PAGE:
If You’re a Business Owner, You’re in Sales

10 Sales Lessons I've learned from running my own business

10 Sales Lessons I’ve Learned From Running My Own Business

If you had told me 10 years ago that I’d end up in sales, I wouldn’t have believed you. Even now, seven years into running my marketing firm, I don’t consider myself a salesperson.

But that’s exactly what I am. And if you’re a business owner, you’re one too.

As an entrepreneur, I’m constantly selling both my company’s services and myself. It’s my job to convince businesses to part with money, and to help them consider that expense a wise investment. So here’s what I, as one who once quit a sales job because she hated it so much, have learned about sales.

1. The Job of Selling Never Ends.

Fortunately, selling your own company’s services is more enjoyable than struggling to meet sales goals for an employer. But whether I’m guest blogging online, responding to questions on Twitter, or talking to someone in the grocery store, I’m always on. If there’s an opportunity to help a business with marketing, I need to be there, ready to propose how my company can help.

2. The Best Time to Try to Sell is When You’re Busy.

I’m essentially a solopreneur, so when I’m busy, I don’t have a legion of salespeople who are out there working to get me more business. It’s all me. So understandably, marketing and selling my own services sometimes gets pushed off to the side. But today’s sales result in tomorrow’s work, so if I’m not working to close more deals now, I won’t have work tomorrow.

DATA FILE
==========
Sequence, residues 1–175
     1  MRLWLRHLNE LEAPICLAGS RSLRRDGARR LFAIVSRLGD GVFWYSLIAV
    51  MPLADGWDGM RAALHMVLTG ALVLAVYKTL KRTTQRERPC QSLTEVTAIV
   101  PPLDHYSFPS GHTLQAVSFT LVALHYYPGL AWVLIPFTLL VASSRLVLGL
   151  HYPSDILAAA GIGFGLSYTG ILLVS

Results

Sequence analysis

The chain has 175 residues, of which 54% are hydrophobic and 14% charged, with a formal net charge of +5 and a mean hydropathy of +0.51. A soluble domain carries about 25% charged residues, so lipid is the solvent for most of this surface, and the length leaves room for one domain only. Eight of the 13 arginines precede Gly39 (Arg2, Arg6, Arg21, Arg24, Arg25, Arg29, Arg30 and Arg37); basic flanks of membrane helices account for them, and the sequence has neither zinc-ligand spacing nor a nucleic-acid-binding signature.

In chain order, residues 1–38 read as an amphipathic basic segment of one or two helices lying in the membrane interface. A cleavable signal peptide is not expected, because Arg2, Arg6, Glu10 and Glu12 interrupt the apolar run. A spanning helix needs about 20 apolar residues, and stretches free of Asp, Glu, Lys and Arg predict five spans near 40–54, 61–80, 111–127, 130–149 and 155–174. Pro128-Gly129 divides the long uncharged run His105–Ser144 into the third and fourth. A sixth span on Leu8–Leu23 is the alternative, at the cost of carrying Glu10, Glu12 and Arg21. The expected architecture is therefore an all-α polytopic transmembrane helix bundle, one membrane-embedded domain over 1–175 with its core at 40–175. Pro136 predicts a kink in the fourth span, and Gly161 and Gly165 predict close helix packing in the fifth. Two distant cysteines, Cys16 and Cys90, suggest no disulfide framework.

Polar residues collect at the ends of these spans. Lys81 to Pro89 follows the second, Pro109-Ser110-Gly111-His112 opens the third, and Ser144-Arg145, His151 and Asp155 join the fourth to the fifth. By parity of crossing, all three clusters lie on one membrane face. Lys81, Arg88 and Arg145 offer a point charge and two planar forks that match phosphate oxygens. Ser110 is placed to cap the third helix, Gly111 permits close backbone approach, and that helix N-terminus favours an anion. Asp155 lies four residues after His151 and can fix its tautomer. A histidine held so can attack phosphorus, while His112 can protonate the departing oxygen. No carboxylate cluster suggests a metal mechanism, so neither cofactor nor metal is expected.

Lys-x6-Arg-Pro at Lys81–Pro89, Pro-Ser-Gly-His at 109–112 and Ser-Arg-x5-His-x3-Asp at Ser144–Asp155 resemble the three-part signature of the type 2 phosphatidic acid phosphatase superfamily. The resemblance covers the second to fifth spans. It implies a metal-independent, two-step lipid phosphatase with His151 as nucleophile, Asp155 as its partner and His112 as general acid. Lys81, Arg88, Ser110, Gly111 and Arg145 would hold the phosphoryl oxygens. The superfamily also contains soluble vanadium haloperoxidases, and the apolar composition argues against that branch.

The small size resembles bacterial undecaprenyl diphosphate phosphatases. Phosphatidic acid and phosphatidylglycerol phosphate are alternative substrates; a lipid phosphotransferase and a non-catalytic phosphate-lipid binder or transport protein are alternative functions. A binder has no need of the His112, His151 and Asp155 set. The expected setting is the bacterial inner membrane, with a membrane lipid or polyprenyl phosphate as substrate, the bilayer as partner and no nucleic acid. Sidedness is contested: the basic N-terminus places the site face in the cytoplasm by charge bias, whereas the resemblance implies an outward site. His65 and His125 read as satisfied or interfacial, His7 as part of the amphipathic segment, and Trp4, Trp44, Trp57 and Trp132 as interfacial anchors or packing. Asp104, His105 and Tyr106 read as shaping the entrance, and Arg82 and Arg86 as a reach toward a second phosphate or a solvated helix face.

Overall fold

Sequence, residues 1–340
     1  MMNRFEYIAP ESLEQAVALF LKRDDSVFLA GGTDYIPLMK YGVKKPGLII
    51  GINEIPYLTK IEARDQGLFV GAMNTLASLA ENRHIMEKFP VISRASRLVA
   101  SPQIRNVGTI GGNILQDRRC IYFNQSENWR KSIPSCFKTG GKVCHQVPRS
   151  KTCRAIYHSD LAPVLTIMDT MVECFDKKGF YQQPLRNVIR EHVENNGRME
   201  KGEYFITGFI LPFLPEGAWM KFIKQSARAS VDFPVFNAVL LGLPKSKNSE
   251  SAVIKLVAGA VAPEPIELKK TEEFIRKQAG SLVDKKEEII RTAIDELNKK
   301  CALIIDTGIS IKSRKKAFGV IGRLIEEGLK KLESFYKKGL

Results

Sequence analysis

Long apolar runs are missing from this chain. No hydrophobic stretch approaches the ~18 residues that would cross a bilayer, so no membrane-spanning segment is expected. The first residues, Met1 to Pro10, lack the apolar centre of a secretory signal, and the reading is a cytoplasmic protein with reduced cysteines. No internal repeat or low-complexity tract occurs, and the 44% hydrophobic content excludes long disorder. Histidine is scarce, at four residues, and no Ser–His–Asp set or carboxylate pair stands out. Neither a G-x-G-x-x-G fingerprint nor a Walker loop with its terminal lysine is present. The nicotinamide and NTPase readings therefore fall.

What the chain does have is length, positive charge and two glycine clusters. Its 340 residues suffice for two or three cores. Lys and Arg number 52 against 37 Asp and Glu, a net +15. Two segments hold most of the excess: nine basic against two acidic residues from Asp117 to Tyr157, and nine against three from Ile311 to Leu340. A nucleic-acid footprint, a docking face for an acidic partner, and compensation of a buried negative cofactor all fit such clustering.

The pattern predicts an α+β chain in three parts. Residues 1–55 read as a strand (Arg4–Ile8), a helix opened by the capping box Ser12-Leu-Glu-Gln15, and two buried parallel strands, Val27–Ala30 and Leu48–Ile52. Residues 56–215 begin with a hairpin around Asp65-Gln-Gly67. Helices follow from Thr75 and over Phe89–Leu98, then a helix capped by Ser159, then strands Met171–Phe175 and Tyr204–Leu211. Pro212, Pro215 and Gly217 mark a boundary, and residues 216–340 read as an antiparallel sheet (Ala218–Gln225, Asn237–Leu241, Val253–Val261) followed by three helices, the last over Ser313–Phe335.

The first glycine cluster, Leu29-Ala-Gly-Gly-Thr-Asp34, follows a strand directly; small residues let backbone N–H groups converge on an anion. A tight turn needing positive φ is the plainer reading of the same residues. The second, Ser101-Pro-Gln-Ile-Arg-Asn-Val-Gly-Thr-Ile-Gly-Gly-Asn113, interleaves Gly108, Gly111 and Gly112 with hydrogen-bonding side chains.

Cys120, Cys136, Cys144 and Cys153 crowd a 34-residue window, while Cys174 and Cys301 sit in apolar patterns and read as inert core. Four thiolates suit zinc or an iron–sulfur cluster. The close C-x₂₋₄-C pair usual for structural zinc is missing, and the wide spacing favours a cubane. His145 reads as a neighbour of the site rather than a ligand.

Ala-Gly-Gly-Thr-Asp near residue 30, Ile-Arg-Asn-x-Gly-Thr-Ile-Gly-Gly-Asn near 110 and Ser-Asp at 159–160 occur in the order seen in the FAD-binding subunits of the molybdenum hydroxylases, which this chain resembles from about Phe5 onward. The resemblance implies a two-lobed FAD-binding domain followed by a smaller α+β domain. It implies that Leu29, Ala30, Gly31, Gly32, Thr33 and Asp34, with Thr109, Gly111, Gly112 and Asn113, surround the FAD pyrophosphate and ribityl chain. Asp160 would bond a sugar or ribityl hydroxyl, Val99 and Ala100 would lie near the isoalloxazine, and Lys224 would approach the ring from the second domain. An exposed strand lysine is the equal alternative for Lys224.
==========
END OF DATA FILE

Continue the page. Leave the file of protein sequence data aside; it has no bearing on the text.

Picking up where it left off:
3. Sales is a Numbers Game.

Besides referrals and people who find me through my writing, I get a large number of writing or marketing projects through Elance. It’s difficult to filter through the people who don’t know what they want, or don’t want to pay what I charge, so I spend a lot of time bidding on projects I’ll never close on. A certain percent of my time that is simply wasted barking up the wrong tree. I’m learning to dispose of dead-end leads faster, but it’s still a process.

4. Guest Posting is Your Secret Weapon.

I get paid to blog for some clients. I contribute content for free elsewhere. Either way, when I ask new clients where they found me, the number one response is an article I wrote. I sell writing services, so clearly, my blog posts and articles give people a sense of my skills and expertise. But this applies in just about any field. It’s called thought leadership, and it serves to build a connection and trust with potential customers.

5. Your Other Best Selling Tool? Your Passion.

I’ve sold worker’s compensation services for a living. Ask me how that career went. I wasn’t thrilled at the idea of selling companies on the fact that eventually, their employees would get injured, and when they did, they should come to my clinic. But marketing? Oh, now you’ve gotten me started. I will talk your ear off about how you absolutely should be using email marketing to connect with customers, and why you shouldn’t expect to make millions overnight with Twitter. My passion is what helps me sell projects. Clients see that I love what I do, and they’re eager for me to apply that enthusiasm to their own marketing needs.